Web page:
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Robots won’t take jobs, they will create it

In recent years, movies such as Robot and 2.0 have been fascinating audiences with the premise that robots will one day take over the world. Superstar Rajnikant’s robot character “ Chitti” is as famous as Terminator of the 90s. Although this idea may sound crazy to some, in one very real sense, robots may very well be taking over the world—the work world, that is.
There is no question on coming technologies like AI that will eliminate some jobs, as they did in the past. The argument is rising insisting that AI or “artificial intelligence” will eventually annihilate the majority of jobs and industries that we know today.

The concept of some technology replacing certain portions of the workforce is not unproven or new. Before the agricultural revolution in the 18th and 19th centuries, the agricultural sector had been carried out by manual labour. The revolution entirely changed the sector via tools and machinery that was created to make certain processes, tasks more efficient.

It was the transformation of the agricultural industry, the computer and digital revolution over the last twenty years, that replaced other segments of the work population. Blue-collar and white-collar workers alike have essentially lost their jobs to robots, from gas station attendants to bank tellers to travel agents.

For a teacher or student, this can all sound disconcerting. If the goal of education is to provide people with required skills and knowledge for the future workforce, and various industries are dying out, what does that mean for the educational pathways previously filtering into those industries?

The good news is that there is no alarm, especially if you understand which skills won’t get threatened by the future of work. One of the previously cited Pew studies tells that “even as the majority of experts are largely constant in their own predictions for the evolution of technology itself, they are divided on how to advances in AI and robotics and how will it impact the economic and employment picture over the next decade.”

7 things that Robot can’t even compete with human beings as mentioned below:

  1. Emotions

One thing that makes us truly human is the ability to emote. Robots can be used to perform basic human interactions such as customer service via telephone, but how highly developed they are no matter when they don’t have the innate ability to connect and understand other humans emotionally.

They cannot have a sense of feeling such that they cannot put themselves in another person’s figurative shoes, which is a skill required for tasks such as reading a person’s mind, feelings, emotions, and communicating effectively. Empathy and interpersonal skills are still highly relevant and necessary that require an innate understanding of human emotions. You can imagine a robotic priest bestowing wisdom and guidance to the masses? Or AI trying to calm an animal prior to a surgical procedure? I didn’t think so.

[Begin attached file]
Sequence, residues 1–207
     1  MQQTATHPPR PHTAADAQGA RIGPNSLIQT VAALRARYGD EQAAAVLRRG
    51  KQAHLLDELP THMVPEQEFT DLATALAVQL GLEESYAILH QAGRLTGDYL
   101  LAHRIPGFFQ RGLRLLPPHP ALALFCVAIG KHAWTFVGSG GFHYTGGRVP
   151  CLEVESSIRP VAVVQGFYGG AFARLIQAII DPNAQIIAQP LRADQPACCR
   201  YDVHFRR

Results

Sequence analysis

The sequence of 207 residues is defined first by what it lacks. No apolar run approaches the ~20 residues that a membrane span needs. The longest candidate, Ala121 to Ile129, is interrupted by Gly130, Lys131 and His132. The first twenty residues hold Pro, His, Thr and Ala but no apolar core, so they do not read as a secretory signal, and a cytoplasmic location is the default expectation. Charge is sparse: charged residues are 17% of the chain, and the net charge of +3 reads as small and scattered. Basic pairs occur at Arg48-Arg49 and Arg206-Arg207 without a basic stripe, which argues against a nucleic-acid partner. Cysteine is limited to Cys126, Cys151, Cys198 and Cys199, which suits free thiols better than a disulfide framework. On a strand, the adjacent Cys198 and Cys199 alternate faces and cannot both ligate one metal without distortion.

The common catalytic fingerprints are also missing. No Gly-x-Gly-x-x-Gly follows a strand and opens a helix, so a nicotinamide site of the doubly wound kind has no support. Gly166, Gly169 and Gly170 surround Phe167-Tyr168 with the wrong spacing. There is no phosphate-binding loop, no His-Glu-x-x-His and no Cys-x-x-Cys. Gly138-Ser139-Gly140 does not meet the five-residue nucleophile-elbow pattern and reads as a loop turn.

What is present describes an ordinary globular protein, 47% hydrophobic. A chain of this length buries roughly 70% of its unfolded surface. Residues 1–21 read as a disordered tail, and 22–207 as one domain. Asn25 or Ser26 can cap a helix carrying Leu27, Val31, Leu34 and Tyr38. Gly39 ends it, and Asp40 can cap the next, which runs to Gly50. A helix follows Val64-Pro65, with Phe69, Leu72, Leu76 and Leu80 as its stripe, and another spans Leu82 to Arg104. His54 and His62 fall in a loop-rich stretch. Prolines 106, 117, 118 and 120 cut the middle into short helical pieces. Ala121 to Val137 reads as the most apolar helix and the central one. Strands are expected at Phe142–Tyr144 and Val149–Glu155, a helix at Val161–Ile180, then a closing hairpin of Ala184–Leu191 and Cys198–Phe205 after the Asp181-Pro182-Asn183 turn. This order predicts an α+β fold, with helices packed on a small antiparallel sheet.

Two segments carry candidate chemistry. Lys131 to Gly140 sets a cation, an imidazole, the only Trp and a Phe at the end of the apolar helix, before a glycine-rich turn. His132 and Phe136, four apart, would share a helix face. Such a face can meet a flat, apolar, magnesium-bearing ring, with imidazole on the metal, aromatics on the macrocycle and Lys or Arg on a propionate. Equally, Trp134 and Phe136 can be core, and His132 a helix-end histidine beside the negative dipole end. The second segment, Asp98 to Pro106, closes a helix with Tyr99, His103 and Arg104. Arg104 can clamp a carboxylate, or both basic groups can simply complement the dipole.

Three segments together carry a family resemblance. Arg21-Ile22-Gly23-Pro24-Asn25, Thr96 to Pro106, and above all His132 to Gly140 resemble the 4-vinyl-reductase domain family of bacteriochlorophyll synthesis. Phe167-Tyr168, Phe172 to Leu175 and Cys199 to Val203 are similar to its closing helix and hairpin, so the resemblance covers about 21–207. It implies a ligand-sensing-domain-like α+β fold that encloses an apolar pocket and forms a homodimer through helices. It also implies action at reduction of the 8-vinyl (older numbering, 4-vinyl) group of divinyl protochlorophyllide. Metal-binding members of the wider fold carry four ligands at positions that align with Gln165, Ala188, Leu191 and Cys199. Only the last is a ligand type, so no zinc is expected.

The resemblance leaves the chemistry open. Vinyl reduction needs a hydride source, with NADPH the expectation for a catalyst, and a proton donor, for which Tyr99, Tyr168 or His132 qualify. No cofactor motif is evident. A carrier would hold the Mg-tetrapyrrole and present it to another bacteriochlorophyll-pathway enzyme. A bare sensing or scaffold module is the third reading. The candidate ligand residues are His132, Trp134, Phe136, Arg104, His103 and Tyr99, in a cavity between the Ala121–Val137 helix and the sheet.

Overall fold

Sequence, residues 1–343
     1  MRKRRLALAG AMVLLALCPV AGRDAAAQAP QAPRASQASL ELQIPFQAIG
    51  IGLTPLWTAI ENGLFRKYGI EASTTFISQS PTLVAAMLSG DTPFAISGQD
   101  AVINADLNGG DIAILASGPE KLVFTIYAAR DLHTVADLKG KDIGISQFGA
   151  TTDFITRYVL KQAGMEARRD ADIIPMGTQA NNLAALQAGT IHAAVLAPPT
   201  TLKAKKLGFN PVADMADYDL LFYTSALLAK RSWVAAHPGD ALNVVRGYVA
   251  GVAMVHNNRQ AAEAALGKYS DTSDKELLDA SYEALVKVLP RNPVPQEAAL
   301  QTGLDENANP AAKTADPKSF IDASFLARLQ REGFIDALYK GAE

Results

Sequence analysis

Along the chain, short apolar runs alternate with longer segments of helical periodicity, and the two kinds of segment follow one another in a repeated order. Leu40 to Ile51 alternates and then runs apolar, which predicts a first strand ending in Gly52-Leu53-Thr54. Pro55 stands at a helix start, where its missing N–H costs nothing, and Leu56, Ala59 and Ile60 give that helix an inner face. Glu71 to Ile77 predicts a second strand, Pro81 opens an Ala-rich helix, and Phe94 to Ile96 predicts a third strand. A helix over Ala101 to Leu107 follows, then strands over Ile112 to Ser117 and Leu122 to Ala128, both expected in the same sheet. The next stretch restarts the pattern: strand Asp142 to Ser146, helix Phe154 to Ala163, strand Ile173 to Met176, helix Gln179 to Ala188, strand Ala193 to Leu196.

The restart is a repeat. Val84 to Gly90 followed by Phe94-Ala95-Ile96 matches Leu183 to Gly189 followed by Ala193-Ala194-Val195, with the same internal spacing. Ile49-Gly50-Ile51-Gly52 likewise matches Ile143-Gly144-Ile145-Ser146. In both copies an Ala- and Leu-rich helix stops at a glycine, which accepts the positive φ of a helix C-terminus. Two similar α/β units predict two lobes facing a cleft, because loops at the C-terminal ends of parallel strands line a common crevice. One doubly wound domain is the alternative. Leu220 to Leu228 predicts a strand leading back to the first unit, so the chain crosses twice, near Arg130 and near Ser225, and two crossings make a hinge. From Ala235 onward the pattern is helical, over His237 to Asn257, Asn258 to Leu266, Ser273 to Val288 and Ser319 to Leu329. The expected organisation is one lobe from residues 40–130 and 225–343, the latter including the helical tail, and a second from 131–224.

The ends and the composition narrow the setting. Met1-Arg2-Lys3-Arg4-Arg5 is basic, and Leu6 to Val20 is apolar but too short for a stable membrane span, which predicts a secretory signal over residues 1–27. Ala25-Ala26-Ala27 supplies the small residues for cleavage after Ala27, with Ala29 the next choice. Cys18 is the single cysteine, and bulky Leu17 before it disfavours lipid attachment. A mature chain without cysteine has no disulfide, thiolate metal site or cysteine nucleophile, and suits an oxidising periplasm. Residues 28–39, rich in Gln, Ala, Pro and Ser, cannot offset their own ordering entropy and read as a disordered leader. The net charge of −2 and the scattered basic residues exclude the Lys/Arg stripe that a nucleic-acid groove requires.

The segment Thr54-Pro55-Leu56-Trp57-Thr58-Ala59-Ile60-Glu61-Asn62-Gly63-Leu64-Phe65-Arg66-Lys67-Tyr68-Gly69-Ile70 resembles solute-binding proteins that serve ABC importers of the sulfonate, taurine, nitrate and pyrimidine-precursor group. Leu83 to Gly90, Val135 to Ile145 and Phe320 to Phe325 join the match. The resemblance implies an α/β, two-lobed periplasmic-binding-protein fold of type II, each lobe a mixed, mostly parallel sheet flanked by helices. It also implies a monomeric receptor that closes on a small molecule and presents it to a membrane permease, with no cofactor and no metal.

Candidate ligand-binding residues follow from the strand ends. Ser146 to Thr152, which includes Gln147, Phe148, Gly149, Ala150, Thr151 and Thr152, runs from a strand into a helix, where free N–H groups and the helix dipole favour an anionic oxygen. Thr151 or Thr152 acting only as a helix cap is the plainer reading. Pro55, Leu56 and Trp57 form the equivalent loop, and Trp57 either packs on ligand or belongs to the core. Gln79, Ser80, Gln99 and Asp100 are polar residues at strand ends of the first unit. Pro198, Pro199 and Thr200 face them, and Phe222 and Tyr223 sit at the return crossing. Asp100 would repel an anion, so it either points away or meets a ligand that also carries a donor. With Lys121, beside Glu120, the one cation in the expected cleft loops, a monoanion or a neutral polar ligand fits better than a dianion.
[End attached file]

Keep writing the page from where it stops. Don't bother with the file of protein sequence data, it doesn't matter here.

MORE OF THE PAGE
For More Ideas Like how to teach empathy in the classroom, go through this article that we have previously posted.

  1. Creativity

Possessing a creative mind, innovation and imagination means that you have the ability to create new inventions and ideas that do not exist. Yes, robots are able to recognize and analyze existing data and matter, and at a certain level computers can produce art, music, food, or writing. But that’s not the full story.

“Some of the definable rules, mathematics play a very important role in all these types of creations such as the images, sounds, tastes, and ideas that are conveyed that can’t be reduced to code,” just what Tom Pick of Talent Culture describes. That initial seed of a new idea or concept that hasn’t existed before is unique to humans, particularly people who identify as inventors and innovators.

Even if you aren’t an artist, creativity will still be needed in other jobs that require a high degree of creativity or skill. Perhaps you have a unique way to use words and to be an aspiring published poet. Or maybe you’re in architecture school and have been praised by professors for your original concepts for built environments. Either way, innate human creativity is must, and humans appreciate the unique ideas and abilities presented and required by various forms of “craft.”

  1. Judgment

Imagine an advanced robot replacing everything like lawyer or judge in legal matters—it’s a bit frightening. Everything in matters of conflict and ethics is not entirely black and white, and a lot of it is affected by and determined with an inborn human sense of right and wrong. Judgement based Logical reasoning only goes so far. The concept of “should” doesn’t exist in as of robot brain.